Phase Separation Induced by Ladder-Like Polymer−Polymer Complexation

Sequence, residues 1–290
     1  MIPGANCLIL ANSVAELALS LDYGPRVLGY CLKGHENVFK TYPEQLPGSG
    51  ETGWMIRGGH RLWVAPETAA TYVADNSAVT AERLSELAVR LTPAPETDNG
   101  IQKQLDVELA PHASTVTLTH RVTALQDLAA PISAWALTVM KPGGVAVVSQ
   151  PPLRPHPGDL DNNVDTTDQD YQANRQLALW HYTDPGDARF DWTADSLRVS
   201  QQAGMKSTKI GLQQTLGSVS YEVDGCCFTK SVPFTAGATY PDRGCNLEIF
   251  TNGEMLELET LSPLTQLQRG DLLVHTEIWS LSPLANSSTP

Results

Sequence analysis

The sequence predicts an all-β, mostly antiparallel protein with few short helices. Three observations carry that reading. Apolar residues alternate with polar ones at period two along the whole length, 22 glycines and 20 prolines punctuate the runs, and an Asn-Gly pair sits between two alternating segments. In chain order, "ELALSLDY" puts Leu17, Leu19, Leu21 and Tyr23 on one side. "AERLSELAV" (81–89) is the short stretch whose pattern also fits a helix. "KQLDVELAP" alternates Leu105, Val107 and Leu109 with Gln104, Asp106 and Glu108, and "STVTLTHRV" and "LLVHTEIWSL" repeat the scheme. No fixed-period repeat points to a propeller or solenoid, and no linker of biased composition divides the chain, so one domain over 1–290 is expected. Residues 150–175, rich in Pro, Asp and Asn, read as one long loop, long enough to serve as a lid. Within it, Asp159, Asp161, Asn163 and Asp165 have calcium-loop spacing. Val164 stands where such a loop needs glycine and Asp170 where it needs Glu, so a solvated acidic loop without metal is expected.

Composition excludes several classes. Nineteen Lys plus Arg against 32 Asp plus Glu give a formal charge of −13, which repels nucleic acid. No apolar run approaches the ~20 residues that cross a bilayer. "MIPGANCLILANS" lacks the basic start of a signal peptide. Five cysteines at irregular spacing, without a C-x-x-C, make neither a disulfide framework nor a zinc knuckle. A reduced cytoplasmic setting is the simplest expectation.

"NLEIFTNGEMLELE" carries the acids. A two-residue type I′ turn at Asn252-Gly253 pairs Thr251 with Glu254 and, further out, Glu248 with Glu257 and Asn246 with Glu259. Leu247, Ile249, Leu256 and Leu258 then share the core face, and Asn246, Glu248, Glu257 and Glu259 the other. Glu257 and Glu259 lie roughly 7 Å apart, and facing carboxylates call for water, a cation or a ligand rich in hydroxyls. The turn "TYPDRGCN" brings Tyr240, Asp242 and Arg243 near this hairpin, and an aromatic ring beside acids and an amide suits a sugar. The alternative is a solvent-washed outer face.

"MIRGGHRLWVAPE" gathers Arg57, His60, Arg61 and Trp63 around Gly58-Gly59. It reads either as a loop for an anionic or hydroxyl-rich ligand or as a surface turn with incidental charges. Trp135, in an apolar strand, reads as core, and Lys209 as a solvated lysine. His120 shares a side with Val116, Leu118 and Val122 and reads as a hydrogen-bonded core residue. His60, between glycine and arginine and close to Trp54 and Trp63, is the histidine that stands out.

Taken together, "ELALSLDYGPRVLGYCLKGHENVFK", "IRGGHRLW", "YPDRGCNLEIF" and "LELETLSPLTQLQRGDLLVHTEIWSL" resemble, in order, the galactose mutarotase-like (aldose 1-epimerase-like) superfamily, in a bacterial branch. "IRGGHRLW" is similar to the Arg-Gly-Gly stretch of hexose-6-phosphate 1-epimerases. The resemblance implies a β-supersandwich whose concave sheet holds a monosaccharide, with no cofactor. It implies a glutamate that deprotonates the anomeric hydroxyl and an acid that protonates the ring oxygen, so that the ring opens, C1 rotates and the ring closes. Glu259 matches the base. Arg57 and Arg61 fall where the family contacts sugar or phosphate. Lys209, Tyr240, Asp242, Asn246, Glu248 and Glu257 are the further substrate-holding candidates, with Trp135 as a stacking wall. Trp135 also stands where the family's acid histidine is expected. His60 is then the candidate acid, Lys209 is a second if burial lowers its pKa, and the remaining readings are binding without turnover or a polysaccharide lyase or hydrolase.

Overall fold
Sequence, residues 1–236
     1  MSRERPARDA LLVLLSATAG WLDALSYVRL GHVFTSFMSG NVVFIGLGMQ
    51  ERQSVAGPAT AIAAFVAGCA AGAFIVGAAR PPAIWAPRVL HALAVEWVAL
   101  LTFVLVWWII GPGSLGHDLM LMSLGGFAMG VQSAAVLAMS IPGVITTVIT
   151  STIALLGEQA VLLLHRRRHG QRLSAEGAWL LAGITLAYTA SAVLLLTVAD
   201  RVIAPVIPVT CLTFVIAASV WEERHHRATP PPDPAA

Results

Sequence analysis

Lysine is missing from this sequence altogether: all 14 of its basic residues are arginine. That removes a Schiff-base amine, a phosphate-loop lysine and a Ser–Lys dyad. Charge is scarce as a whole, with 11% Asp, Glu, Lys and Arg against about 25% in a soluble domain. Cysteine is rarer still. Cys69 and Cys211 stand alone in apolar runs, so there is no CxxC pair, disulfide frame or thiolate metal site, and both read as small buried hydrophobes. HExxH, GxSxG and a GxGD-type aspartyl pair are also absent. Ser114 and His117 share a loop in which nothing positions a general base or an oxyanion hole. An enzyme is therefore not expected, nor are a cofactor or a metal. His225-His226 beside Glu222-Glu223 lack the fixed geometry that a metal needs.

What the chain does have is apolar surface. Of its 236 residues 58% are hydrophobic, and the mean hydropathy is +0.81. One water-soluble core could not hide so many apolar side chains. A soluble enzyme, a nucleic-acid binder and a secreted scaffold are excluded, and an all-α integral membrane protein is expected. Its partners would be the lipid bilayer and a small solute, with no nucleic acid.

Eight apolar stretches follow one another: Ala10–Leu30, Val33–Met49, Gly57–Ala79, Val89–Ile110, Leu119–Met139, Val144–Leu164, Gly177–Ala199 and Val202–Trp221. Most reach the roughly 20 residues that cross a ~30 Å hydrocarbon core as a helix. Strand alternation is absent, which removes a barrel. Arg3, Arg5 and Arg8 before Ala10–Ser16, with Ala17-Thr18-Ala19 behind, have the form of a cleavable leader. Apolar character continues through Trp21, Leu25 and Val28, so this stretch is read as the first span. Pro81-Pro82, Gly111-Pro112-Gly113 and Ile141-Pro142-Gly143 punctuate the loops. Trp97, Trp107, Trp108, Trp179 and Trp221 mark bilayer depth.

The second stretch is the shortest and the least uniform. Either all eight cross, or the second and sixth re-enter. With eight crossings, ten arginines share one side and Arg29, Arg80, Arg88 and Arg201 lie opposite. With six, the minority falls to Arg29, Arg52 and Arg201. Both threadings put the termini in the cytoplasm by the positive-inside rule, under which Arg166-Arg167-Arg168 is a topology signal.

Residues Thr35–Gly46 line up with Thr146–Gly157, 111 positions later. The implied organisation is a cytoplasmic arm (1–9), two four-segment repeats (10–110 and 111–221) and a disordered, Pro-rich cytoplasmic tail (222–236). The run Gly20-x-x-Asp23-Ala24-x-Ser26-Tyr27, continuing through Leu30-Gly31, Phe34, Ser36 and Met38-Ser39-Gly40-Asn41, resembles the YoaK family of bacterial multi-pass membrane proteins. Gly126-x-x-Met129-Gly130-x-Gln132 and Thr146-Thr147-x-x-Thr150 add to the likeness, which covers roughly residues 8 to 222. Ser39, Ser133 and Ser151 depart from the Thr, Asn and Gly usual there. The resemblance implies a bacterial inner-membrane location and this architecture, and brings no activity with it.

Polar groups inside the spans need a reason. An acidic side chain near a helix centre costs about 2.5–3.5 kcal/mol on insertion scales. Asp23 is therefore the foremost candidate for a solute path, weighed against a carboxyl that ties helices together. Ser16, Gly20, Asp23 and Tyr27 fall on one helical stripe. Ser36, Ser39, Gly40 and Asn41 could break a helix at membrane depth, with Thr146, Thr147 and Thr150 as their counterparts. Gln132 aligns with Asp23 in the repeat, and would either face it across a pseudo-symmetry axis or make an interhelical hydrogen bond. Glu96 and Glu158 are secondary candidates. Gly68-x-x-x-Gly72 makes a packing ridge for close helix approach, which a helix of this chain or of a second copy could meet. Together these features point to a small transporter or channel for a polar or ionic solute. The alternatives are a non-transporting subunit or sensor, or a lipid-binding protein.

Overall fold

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Polymer-polymer complexation in solvent is studied using an extension of the self-consistent field theory. The model polymers are capable of forming ladder-like duplex structures. The duplex formation occurs with an abrupt change of entropy, resulting in a first-order transition. Moreover, the complexation can be stabilized by solvent-polymer interactions, instead of the usual specific binding interactions. Various types of unconventional phase diagrams are predicted. For example, phase separation with decreasing χ-parameter between duplex polymer and solvent can be induced, leading to a lower critical solution temperature (LCST) behavior. Multiphase coexistence points at which two, three, or four phases coexist are also obtained. Under certain conditions a homogeneous phase becomes unstable when the polymer chain length is decreased, in contrast to the standard Flory-Huggins theory.
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